Introduction to AI - Week 5

Genetic Algorithms
Evolutionary Computation (also called evolutionary programming) copied from nature:
• evolving successful organisms by reproduction of fit elements.
• Fittest elements reproduce most.
• random mutation

Principles of Darwinism

• Set of individuals which can reproduce themselves
• Offsprings are similar to their parents.
• Each new generation has organisms that are similar to the fit members of the previous generation. Hence adaptation to slowly changing environment

• random mutations

Why Genetic Algorithms

• "Evolution is known to be a successful, robust method for adaptation within biological systems.
• GAs can search spaces of hypotheses containing complex interacting parts, where the impact of each part on overall hypothesis fitness may be difficult to model.
• Genetic algorithms are easily parallelized and can take advantage of the decreasing costs of powerful computer hardware."
Taken from [Tom Mitchell, p.250] (from where also most of the rest of this lecture is adapted.)

Genetic Algorithms

• measurement of the behaviour by a fitness function
• can be seen as form of reinforcement learning (reward = offspring), but search in the space of individuals, no learning of relationship between rewards and actions/states of the environment.
• form of hill-climbing, risk getting stuck at local maxima, hence spend only most (but not all) of the resources to the most promising individuals (random selection, mutation)
In order to apply genetic algorithms, answer
• What is the fitness function?
• How is an individual represented?
• How are the individuals selected?
• How do individuals reproduce?

Components of Genetic Algorithms

• Fitness function is problem dependent, maps individual to real number.

• Representation of individuals as genes, i.e., string over a finite alphabet, e.g., alphabet {A,G,T,C} or {0,1}.
• Selection for reproduction is randomised, probability of selection is proportional to the fitness. Usually, selection is done with replacement, so that very fit individuals are selected several times.

• Reproduction is accomplished by cross-over and mutation. All selected individuals are randomly paired. For each pair, a cross-over point is randomly chosen. One offspring gets the first part from the first parent and the second part from the second, for the second offspring it is the other way around. Then each gene can be randomly mutated with small independent probability.

Pseudo Code for Genetic Algorithms

GA(Fitness,Threshold,p,r,m)
;;; Fitness: a function that assign a score given a hypothesis
;;; Threshold: specifies the termination criterion
;;; p: the population size
;;; r: fraction of population replaced at each step
;;; m: mutation rate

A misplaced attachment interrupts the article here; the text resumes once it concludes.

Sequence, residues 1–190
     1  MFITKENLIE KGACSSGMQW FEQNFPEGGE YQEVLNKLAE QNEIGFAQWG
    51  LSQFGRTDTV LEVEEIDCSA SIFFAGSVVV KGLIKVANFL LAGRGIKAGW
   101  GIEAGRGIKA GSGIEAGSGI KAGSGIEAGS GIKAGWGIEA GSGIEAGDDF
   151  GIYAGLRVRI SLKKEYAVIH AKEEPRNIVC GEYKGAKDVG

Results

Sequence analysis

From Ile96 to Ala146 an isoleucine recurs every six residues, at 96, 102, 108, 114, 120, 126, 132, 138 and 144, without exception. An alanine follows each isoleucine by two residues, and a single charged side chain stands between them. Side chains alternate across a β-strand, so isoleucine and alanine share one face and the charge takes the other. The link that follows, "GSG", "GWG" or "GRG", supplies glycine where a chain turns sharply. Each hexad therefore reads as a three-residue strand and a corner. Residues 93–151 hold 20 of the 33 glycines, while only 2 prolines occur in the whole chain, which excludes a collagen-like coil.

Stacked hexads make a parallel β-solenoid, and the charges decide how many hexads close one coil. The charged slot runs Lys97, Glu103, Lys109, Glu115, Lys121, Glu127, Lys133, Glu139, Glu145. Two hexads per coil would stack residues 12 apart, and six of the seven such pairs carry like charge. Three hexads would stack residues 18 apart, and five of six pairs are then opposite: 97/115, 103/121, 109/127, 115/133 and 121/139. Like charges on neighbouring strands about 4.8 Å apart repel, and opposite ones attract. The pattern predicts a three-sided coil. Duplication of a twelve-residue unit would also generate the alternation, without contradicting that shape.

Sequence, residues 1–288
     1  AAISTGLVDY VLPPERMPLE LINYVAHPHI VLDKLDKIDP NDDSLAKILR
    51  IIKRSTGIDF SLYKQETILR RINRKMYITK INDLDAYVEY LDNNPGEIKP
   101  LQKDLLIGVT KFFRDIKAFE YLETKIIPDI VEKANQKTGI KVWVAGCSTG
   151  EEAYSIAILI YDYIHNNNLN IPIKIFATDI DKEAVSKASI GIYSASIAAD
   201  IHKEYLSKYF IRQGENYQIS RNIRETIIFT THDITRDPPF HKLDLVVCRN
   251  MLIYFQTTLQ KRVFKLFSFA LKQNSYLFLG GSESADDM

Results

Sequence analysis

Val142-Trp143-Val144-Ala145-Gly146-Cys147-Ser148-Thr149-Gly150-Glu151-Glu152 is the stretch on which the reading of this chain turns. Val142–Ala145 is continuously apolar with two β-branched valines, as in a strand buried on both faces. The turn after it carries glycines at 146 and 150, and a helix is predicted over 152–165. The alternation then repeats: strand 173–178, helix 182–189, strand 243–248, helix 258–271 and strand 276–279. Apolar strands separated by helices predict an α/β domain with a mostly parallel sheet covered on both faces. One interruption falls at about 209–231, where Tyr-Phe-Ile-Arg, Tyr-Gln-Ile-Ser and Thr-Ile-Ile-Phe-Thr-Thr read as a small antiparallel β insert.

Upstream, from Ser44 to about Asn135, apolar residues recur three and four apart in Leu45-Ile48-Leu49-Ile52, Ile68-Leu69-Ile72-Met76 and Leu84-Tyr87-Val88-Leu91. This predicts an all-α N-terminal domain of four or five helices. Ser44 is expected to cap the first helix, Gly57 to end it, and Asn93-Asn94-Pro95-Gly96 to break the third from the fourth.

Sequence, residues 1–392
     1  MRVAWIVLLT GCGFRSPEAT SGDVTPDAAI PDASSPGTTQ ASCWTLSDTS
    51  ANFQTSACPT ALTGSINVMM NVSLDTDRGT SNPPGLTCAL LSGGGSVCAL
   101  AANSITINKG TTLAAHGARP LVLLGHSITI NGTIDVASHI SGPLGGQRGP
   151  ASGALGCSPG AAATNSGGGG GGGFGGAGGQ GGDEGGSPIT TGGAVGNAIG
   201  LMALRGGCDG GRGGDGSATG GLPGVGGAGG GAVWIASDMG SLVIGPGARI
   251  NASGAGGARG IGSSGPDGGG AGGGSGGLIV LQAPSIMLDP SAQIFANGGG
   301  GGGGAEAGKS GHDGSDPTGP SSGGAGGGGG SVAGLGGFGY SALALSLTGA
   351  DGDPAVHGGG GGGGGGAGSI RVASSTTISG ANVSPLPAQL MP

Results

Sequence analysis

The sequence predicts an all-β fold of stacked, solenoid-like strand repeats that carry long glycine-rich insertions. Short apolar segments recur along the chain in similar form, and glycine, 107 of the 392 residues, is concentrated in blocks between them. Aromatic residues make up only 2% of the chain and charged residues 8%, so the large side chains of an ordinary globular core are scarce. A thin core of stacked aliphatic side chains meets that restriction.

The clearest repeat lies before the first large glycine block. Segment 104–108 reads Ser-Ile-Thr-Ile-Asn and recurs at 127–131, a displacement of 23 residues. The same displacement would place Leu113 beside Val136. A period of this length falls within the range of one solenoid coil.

Randomly initialize population P;
While maxh in P fitness(h) < Threshold do
Create new generation PS
end_do
Return h from P with highest fitness.

How to create the next generation

Create new generation PS
1. Probabilistically select (1-r)p members of P to add to PS. Probability of an element to be selected in one step is proportional to its fitness, i.e. ratio of its fitness divided by the sum of all fitness values.

2. Probabilistically select [r* p]/[2] pairs of P for crossover. Probability of an element to be selected in one step is proportional to its fitness. For each pair generate two offsprings. Add all offsprings to PS.
3. Randomly flip each bit in PS in the representation with (small) probability m.

4. Update P as PS

How to create the next generation (Cont'd)

1. The survival from one generation to the next is proportional to the fitness of an element. (A fit gazelle is less likely to be eaten by a lion than a less fit one.)

2. Propagation of elements is proportional to fitness. Fit elements are more likely to succeed in reproduction than non-fit ones.

3. Totally new features can be generated by random mutations, which occur only with very small probability. They are important in order to avoid local maxima.

Example

Learn decision list for the restaurant waiting problem
• Fitness function: number of examples an individual is consistent with.
• representation of the attribute/value pairs by 5 bits:

 00000: Alternate(x) 00001: ~ Alternate(x) ... 10111: WaitEstimate(x,0-10) 11000: WaitEstimate(x,10-30) 11001: WaitEstimate(x,30-60) 11010: WaitEstimate(x,60+)

One further bit for outcome. Representation of decision lists of length k with up to t tests, we need t(5k+1) bits. Standard selection and reproduction approaches.

Genetic Operators

Single-point crossover
 11101001000 11101010101 00001010101 00001001000